In case you haven’t been following the other posts, section 6751(b)(1) provides that, “a penalty cannot be assessed unless the initial determination of such assessment is personally approved (in writing) by the immediate supervisor of the individual making such determination or such higher level official as the Secretary may designate.” To demonstrate compliance with this section, respondent must show: 1) the identity of the individual who made the “initial determination”, 2) an approval “in writing”, and 3) the identity of the person giving approval and his or her status as the “immediate supervisor.” The settlement officer’s declaration stated that the requirements of applicable law or administrative procedure were met, but did not specifically verify that section 6751 requirements were met nor did it include any documents to substantiate that the requirements under the section were met.

The Court gives respondent three options: 1) prove that the requirements of section 6751(b)(1) were met, 2) prove that the “automatically calculated through electronic means” exception under section 6751(b)(2) applies and compliance need not be shown, or 3) concede the penalty.

The IRS must supplement its motion by August 15, and the petitioner may respond by August 30 – so we will wait in anxious anticipation to see where this one goes.

Section 6673 Penalty Imposed on Egregious Tax Protestor

Docket # 27787-16, Gary A. Bell, Sr. v. C.I.R. (Order Here)

The Tax Court sees a lot of tax protestors, in part because taxpayers do not have a lot to lose when petitioning the Tax Court. They can represent themselves, the tax liability is not required to be paid beforehand, and the court filing fee is not cost prohibitive and can be waived if the taxpayer can demonstrate economic hardship. The section 6673(a)(1) penalty is one of the Tax Court’s defenses against egregious tax protestors, and others who may meet the section’s criteria.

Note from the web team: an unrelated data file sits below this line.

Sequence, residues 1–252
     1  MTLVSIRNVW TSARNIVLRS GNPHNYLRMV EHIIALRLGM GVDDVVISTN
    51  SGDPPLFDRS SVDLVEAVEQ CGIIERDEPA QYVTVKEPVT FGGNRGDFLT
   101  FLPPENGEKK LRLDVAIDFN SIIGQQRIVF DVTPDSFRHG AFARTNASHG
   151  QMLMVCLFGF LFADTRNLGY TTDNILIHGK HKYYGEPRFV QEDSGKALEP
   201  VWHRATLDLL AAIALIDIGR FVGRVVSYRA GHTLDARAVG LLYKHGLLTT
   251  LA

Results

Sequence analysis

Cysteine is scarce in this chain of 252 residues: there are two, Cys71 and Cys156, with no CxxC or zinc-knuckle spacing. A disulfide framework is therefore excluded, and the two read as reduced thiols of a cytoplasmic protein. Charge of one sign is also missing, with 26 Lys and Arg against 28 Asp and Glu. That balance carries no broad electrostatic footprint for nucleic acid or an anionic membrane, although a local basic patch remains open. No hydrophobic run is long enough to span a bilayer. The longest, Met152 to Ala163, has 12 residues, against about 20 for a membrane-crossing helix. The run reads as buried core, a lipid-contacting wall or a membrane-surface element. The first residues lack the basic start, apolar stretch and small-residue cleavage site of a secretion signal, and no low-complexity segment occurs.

The petitioner in this case is particularly egregious. In the present case, he petitioned the Tax Court on CP71A notices for four different tax years. The CP71A notices are annual reminder notices informing the taxpayer of a balance due and do not provide a taxpayer with the right to petition the Court.

Petitioner had previously petitioned the Tax Court eight years ago for three out of the four years listed in his petition and the Court had rendered a decision for those years. As for the fourth year, neither a notice of deficiency (nor a notice of determination) had been issued. This meant the Court lacked jurisdiction for every year listed in petitioner’s petition.

As a result, in the present case, respondent filed a motion for summary judgment for lack of jurisdiction and requested that a section 6673(a)(1) penalty be imposed. Petitioner filed a Notice of Objection.

According to the Tax Court, “the purpose of section 6673 is to compel taxpayers to think and to conform to settled tax principles; it was designed to deter frivolity and waste of judicial resources.” In total, the petitioner had previously petitioned the Tax Court six separate times on various tax years using tax protestor arguments and had been warned about the imposition of the section 6673 penalty, to some degree, in all cases. Under section 6673, a penalty of up to $25,000 can be imposed whenever it appears to the Tax Court that proceedings before it have been instituted or maintained by the taxpayer primarily for delay; the taxpayer’s position in such proceeding is frivolous or groundless; or the taxpayer unreasonably failed to pursue available administrative remedies.

Due to the petitioner’s repetitively egregious behavior, the Court was convinced that petitioner instituted and maintained the proceeding for the purpose of delay and imposed a section 6673 penalty of $5,000.

Take-away points:

  • The Court likely designated this order as a warning to other tax protestors who wish, or continue, to drain the Court’s resources in a similar way.
  • The penalty is a necessary option for the Court since a taxpayer can take advantage of the Court’s time and resources, even when he or she has no basis on which to be there.